Flavonoids/Bioflavonoids
Flavonoids possess a polyphenolic structure that accounts for their antioxidant, UV protectant, and metal chelation abilities. Bioflavonoids work with other antioxidants to offer a system of protection. Numerous studies have shown their unique role in protecting vitamin C from oxidation in the body, thereby allowing the body to reap more benefits from vitamin C.

Polyphenols as antioxidants
Polyphenols compose the largest category of botanical antioxidants. The most widely used
commercialised polyphenol antioxidants are:
• Epigallocatechin gallate (EGCG) (from greeen & white tea)
• Ferulic Acid • Caffeic acid
• Resveratrol • Rosmarinic acid (rosemary)
• Hypericin (St. John’s wort) • Ellagic acid (pomegranate fruit)
• Chlorogenic acid (blueberry leaf)
• Oleuropein (olive leaf)

Xanthones as antioxidants
Xanthones exhibit strong antioxidant activity, and are thought to be more potent than both vitamin C and vitamin E. Often referred to as the “Super Antioxidants”, Xanthones have been found to support and enhance the body’s immune system. They are heat stable molecules and unlike proteins, won’t denature or lose their structure when heated. This property should make them a useful addition to sun protection and other formulations exposed to radiant heat.

Carotenoids
In addition to ßeta-carotene, lutein, lycopene and astaxanthin, there are also the colourless carotenoids; phytoene and phytofluene from algae and tomato sources that are also UV protectants and antioxidants.

 

A paraplastic mask with occlusive properties is the best choiceA paraplastic mask with occlusive properties is the best choice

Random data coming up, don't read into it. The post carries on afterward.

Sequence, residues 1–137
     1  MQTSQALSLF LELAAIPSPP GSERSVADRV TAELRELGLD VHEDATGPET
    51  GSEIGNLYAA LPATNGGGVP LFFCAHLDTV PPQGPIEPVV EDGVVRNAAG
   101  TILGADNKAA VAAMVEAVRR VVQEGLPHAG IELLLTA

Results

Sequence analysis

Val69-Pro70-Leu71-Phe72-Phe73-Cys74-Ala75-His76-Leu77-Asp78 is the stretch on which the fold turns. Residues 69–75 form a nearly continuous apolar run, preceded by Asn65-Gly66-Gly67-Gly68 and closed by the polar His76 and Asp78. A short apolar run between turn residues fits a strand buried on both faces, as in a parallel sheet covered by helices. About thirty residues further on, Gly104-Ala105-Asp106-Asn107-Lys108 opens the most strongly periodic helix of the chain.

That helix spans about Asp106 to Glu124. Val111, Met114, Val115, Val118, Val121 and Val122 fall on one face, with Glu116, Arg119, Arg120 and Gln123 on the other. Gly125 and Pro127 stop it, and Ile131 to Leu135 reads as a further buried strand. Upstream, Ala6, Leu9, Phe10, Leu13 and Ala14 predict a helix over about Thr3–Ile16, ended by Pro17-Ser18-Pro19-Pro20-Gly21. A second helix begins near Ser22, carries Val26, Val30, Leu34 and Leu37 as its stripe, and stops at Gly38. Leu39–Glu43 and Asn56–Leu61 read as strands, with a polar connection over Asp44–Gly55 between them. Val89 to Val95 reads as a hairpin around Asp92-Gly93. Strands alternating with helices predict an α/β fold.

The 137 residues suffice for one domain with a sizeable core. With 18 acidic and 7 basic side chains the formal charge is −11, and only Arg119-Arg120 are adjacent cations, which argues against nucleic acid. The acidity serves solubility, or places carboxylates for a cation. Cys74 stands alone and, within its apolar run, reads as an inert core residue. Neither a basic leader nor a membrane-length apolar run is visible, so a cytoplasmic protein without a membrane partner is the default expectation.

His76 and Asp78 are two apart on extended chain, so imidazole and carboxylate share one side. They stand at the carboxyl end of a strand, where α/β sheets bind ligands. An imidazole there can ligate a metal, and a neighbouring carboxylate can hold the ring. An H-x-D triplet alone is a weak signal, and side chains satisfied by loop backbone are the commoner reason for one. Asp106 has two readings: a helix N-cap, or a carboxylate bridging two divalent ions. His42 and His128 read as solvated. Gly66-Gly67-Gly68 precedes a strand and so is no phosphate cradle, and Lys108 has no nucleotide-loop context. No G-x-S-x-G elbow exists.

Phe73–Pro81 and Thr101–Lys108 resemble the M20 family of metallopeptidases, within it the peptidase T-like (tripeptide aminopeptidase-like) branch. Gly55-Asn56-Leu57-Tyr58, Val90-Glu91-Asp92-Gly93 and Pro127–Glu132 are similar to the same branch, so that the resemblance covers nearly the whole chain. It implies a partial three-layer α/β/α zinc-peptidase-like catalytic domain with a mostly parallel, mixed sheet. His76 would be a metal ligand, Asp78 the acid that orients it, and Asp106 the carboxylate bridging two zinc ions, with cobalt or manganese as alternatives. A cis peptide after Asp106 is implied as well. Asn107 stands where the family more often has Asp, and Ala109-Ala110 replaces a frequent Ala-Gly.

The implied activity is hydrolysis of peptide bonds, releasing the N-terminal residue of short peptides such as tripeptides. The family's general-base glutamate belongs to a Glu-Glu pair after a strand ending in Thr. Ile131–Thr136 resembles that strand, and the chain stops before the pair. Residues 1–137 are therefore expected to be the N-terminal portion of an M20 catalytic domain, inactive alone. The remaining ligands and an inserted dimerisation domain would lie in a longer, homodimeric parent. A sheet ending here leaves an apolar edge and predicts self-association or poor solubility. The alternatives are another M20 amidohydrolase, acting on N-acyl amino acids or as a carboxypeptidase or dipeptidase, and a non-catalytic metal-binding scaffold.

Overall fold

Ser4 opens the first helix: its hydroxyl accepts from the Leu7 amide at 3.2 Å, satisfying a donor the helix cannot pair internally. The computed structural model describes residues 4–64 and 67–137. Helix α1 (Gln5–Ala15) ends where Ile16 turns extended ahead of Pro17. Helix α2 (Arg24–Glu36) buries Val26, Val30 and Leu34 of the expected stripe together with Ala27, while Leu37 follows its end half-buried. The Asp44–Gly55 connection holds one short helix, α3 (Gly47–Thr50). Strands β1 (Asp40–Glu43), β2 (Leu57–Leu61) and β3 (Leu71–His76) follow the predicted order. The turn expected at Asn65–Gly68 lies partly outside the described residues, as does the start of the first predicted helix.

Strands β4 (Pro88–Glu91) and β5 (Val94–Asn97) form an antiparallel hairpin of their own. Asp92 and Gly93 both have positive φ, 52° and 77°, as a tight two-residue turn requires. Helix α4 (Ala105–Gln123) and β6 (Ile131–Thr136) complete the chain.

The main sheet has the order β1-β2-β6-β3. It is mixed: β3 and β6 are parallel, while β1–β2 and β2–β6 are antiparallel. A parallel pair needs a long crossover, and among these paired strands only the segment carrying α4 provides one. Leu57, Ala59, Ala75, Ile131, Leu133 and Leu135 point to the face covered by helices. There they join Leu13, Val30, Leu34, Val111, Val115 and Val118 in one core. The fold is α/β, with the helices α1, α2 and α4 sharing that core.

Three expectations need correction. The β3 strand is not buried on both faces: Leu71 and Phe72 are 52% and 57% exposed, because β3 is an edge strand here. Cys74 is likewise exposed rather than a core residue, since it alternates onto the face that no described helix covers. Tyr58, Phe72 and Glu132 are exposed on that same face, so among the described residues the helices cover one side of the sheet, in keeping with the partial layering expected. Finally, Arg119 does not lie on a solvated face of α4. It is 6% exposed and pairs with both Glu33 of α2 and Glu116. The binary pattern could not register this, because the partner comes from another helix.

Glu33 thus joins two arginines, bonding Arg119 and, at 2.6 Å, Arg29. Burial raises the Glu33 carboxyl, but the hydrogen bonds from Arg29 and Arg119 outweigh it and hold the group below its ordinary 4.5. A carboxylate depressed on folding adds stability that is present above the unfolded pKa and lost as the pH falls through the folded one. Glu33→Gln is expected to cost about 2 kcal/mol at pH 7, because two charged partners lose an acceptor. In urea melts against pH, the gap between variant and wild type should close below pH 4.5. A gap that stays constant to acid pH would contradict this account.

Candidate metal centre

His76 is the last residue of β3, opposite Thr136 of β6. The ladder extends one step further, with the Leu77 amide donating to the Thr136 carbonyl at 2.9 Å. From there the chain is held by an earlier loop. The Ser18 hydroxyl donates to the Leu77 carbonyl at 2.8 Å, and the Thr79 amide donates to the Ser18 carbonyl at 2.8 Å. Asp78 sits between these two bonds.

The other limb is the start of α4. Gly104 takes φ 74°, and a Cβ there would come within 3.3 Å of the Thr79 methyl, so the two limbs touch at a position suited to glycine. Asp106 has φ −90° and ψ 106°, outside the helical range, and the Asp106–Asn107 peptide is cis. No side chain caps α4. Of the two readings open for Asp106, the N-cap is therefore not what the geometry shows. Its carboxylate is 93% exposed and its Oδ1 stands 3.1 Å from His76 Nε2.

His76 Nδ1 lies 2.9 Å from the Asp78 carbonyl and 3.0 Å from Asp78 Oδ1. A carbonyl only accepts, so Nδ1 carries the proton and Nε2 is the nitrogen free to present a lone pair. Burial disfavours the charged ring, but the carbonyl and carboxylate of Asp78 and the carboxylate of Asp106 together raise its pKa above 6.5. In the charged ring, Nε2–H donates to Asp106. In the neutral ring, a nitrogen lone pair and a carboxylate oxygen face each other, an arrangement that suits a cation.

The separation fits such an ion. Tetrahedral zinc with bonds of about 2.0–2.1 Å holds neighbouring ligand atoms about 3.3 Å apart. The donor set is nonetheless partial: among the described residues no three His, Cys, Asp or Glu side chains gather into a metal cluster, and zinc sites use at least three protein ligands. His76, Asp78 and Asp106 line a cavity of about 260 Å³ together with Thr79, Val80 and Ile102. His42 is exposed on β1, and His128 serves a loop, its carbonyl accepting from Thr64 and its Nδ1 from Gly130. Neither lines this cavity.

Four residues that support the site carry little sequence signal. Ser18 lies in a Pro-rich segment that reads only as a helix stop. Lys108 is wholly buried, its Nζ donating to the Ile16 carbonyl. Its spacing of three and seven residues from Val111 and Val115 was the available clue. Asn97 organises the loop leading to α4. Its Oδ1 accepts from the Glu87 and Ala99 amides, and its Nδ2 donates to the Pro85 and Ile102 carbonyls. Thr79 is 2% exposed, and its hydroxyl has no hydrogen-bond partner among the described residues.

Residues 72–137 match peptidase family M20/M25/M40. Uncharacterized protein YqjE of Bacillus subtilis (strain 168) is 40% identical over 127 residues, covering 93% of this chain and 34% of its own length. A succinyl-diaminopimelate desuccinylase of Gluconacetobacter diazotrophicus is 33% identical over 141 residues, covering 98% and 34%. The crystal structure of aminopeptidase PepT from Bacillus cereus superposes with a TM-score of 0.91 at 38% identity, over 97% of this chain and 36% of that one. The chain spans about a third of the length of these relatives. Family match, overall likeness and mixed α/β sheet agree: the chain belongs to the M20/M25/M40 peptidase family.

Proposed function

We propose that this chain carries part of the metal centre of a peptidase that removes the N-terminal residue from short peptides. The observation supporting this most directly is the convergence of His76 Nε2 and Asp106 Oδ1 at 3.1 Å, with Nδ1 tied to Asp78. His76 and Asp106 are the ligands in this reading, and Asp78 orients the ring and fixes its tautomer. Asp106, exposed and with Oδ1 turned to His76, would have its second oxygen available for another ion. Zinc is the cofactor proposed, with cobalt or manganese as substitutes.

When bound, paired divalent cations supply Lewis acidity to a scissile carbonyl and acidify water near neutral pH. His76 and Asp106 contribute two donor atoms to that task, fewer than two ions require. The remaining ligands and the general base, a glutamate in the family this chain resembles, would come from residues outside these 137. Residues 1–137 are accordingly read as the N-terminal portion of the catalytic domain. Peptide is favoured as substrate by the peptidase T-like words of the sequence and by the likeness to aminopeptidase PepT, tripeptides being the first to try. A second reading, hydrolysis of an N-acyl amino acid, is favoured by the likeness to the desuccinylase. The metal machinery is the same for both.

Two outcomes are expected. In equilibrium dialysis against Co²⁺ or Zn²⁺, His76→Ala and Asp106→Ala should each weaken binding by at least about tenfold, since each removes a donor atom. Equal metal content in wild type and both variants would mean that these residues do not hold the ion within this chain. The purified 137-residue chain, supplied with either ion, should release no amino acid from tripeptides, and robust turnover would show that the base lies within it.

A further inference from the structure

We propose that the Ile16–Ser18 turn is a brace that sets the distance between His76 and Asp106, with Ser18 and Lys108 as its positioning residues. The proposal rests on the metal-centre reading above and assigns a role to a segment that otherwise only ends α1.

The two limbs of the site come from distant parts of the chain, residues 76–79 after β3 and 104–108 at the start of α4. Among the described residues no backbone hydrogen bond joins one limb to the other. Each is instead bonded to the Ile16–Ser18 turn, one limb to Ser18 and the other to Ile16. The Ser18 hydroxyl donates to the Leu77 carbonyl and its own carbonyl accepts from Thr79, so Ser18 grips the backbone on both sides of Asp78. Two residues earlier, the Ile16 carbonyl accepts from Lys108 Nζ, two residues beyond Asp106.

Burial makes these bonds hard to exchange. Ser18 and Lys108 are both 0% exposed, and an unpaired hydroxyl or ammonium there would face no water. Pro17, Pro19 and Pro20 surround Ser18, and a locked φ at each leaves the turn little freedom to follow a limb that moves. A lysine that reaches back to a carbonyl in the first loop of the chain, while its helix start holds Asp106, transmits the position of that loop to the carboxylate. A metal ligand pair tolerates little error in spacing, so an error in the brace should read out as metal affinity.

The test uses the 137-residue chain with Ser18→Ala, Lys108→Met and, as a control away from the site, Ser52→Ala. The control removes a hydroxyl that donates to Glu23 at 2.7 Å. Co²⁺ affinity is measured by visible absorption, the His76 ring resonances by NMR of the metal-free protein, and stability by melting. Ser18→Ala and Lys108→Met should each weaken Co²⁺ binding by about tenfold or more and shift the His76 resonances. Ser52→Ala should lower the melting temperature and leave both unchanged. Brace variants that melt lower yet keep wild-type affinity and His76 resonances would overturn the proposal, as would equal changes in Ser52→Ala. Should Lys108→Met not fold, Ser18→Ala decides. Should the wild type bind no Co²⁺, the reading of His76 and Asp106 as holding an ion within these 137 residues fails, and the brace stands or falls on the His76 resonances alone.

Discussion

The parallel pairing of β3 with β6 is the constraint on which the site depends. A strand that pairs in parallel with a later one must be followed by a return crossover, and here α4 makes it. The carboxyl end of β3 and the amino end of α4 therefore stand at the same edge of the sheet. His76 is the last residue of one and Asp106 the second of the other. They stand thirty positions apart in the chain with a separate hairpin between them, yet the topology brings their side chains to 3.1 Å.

Writing the treatment program:

The outline that follows is for a compromised skin that is high risk for pigmentation. This means I am following the protocols for a sensitive skin.
After the usual preparatory phase of cleanse and balancing the acid mantle with your post cleanser lotion, apply the antioxidant serums of your choice.
Just remember that if you have chosen a Vitamin C it is best to use an encapsulated sodium ascorbyl phosphate or ascorbyl tetraisopalmitate. (Oil soluble vit C)
Do not use ascorbic acid it is too acidic and will cause the high risk skin to sting.  

Now apply a layer of cream suitable for lipid dryness or compromised skin. Then apply the mask, preferably a paraplastic mask that will infuse the actives and cream by the occlusive properties of the mask.
Peel off the mask after 20 minutes and then massage with a cream or oil that also has an antioxidant profile.

Oil soluble antioxidant to complete the treatment has benefitsOil soluble antioxidant to complete the treatment has benefitsComplete your treatment with an oil soluble antioxidant and with a sun protection product if it has been a day time appointment. 
Of course if the treatment has been performed during the evening, finish with a layer of oil soluble antioxidant serums and night cream.

Why do I finish this treatment with an oil soluble antioxidant?
Using the principle that oil sits on top of water, it is logical to assume that after the completion of the facial massage which had been done with an oil based cream or massage oil, that to apply a water based serum would be a waste of time.

Why? Simple physics. Because a water based serum would be unable to penetrate the oil that has been massaged into the skin for preceding 20 minutes.
The other reason is that an oil soluble antioxidant will not oxidise as quickly and the benefits of the environmental defense treatment is extended.

I know you will now reconsider what the new summer treatment protocols will be and that you will offer your clients a treatment that is of benefit to the skin - not one that is just about hydration and relaxation. 

 

About the Author

New Zealand born Florence Barrett-Hill is an internationally acclaimed dermal science educator, practitioner, researcher, and author with over 30 years of experience covering all aspects of professional aesthetic therapy and paramedical skin care. Florence is the creator of the internationally recognised Pastiche Method of advanced skin analysis, and spends her time travelling the world teaching and presenting to skin treatment therapists, practitioners and medical professionals.